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Streaming and near-real-time messaging with Kafka and ScyllaDB

technical financial graph

Let’s talk about a financial use case where streaming and near-real-time messaging is used through Kafka and ScyllaDB. We will model a system that allows subscribers to follow stock prices for companies of their interest, similar to a simplified use of a trading terminal.

Our system follows an architectural pattern in which updates of stock prices are pushed to a Kafka queue, and subscribers consume messages that contain company stock information. These consumed messages are then stored in ScyllaDB instances, where they can be used later for more sophisticated analysis (for example, using an engine like Spark).

Kafka and scylla diagram

Let’s say Company A is interested in capturing stock prices for Microsoft and Google. At the end of each day, Company A captures the messages that arrive in the Kafka queue with information about MSFT and GOOGL, and stores them in a ScyllaDB cluster for later use.

Data Modeling

Our use case uses Kaggle’s New York Stock Exchange dataset, a public dataset that contains information about S&P 500 company prices from 2010 to 2016 (price.csv). This time-series data allows us to simulate real-time messaging as exchanges close at the end of the day and capture summary information about the stock trades that were made that day. The structure of the data is as follows:

  • date: date of the summary information (day of trades)
  • symbol: company symbol (code) as it is known in the exchange
  • open: opening price of the stock
  • close: closing price of the stock
  • low: lowest price of the stock during the day
  • high: highest price of the stock during the day
  • volume: total amount of money traded

We are going to use the structure of this data as we model our system. The company symbol will define our Kafka topics (such that consumers subscribe only to stocks of their interest) and date + symbol will define our keys in ScyllaDB (such that we can efficiently do analysis by companies, periods, etc.)

Data Pipeline

We will write code for the following stages of our data pipeline. When all steps are completed, we will have a simple and scalable ecosystem for stock price generation and consumption:

  1. Parse data, defining topics and messages.
  2. Simulate stream of messages to the Kafka queue.
  3. Simulate consumption of messages by topic of interest (for example, companies followed).
  4. Use ScyllaDB as our data store: each consumer will store its companies of interest in ScyllaDB.

Software Setup


For this entire tutorial, we assume that at least Java 1.7 and Maven 3.0.5 are installed throughout all machines in the cluster. We are writing all code in Java with Maven, but it is also necessary for Kafka, Zookeeper, and the Cassandra Java core driver. We also assume familiarity with Apache stack ecosystems.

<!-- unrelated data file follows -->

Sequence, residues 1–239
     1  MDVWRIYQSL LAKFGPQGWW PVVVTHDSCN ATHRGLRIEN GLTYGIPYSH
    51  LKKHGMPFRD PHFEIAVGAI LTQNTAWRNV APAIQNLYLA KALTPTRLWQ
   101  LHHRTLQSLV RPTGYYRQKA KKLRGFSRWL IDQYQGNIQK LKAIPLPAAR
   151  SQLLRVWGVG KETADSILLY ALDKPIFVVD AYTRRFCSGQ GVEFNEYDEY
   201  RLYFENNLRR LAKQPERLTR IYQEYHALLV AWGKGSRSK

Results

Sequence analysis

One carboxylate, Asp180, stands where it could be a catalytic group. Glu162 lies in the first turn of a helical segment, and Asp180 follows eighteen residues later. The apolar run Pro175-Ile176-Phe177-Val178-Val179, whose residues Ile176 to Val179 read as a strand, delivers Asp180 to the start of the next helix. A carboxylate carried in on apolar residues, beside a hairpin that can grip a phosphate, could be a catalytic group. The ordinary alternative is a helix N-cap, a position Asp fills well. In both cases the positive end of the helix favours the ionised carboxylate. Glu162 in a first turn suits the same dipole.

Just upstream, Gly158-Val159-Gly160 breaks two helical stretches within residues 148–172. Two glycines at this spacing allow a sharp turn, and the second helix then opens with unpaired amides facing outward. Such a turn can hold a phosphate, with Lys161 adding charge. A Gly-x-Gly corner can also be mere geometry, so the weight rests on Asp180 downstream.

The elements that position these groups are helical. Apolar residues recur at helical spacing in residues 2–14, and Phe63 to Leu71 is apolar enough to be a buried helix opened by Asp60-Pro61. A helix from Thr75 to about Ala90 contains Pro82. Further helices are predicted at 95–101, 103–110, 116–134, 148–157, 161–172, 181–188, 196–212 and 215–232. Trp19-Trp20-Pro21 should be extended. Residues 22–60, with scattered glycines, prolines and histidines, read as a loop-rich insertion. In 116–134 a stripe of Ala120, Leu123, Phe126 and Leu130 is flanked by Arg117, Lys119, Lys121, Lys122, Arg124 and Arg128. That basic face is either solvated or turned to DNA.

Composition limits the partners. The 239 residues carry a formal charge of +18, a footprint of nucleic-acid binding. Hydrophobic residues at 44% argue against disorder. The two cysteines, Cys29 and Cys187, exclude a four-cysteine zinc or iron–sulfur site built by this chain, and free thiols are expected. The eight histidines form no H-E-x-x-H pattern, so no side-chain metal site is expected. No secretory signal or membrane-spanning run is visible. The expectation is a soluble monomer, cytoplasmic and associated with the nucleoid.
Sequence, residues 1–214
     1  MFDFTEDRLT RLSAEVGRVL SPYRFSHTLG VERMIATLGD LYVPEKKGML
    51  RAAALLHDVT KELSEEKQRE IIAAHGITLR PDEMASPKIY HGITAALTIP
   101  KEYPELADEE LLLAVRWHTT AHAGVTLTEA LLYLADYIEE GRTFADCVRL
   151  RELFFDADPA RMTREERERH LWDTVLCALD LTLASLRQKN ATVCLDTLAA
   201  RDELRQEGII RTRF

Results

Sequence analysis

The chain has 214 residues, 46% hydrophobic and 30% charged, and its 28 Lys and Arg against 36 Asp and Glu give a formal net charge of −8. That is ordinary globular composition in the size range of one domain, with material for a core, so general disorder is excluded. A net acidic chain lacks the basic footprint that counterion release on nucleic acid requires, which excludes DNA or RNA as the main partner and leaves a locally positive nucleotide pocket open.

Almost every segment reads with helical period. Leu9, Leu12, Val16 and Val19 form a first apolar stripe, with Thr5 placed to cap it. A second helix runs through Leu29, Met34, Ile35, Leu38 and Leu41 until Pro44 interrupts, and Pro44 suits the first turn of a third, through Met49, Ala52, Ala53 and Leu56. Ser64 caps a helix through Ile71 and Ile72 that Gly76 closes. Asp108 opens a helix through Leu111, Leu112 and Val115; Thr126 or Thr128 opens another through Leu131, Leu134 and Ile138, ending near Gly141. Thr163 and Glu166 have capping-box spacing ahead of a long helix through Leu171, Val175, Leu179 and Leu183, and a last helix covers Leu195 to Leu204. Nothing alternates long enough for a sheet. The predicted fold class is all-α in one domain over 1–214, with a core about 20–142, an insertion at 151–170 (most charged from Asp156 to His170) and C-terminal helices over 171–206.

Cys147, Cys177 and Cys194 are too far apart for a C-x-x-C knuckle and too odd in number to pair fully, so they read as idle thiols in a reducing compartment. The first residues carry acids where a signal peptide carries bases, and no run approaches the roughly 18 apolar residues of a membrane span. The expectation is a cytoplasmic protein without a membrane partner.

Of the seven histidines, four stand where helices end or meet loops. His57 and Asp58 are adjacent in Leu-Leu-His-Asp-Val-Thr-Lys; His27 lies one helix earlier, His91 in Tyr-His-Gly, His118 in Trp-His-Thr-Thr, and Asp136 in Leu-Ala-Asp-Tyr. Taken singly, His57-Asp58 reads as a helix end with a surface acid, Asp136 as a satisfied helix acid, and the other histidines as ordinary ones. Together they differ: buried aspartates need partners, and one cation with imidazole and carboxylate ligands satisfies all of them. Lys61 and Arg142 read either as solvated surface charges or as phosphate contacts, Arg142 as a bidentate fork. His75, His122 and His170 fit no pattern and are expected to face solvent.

Installing ScyllaDB is quite straightforward. Depending on the target setup, we can follow slightly different processes. Click here for access to the downloads and instructions.


Running Zookeeper is a prerequisite for Kafka. Installation is also straightforward, and details can be found here.

Basically, we need to modify


and then start Zookeeper with a provided script:

bin/ start


The Kafka quickstart provides a wonderful guide to installing and running Kafka. You can find it here.

Note that we have to configure config/ with all of our brokers IPs (if more than one). Please also notice that in the latest versions, topics don’t need to be defined manually: if we push a message with a non-existing topic, Kafka will create it automatically.

For the rest of this article, we assume that we are running at least one instance of each: ScyllaDB, Zookeeper, and Kafka.

Building Our Use Case

The complete code for the use case can be found here:

Java and Maven

We are going to use Maven as the building tool for the Java project. You can see the exact definition in the pom.xml in the project:

We will need the following dependencies:

org.apache.kafka, cassandra-driver-core,, net.sf.opencsv, apache commons-lang and the maven compiler plugin.

With this setup, we can generate an executable jar file containing all necessary parts of the pipeline.

mvn clean compile assembly:single

A helper script for this purpose can be found in:

Parsing Data, Defining Topics and Messages

Our goal is to take the dataset (prices.csv) and process one line at a time. Each line contains information about a company’s stock price on a given day, which is the information we wish to push to consumers of our system. Then we will build a message that will be submitted to the Kafka queue with a topic defined by the company code. The body of the message will be a JSON object describing said line of input.

For example, line:


will be translated into a Kafka message with topic MSFT and content:


Our csv data parser SP_DataParser is specified in:

Once SP_DataParser is initialized with the data file path, it will store the csv header and we then can convert any number of lines to a JSON message.

Using the above class, we can read all of our data and produce Kafka messages and topics. Our parser is used extensively when simulating the pushing of messages to the Kafka queue:

ArrayList linesJson;
while (!(linesJson = {
            ArrayList msgs = new ArrayList<>();
            for (String s : linesJson) {
                msgs.add(new Producer.KafkaMessage(parser.getKey(s, "symbol"), s));
            // Sleep two seconds to simulate time delays between incoming of real quotes.

Using our parser, we can instantiate the KafkaMessage class, which will contain a topic for the message and the JSON body we wish to transmit.

Simulate Stream of Messages to the Kafka Queue

Now that we have a way to parse and construct our messages, we need to be able to transmit them to a Kafka queue. For this, we need a Producer:

Having such a class, we can send messages to Kafka in a relatively simple way:

public void send(List msgs) {
        for (KafkaMessage msg : msgs) {
            System.out.println("Sending message to topic '" + msg.topic + "' at " + new Date());
            ProducerRecord<String, String> rec = new ProducerRecord<String, String>(msg.topic, msg.message);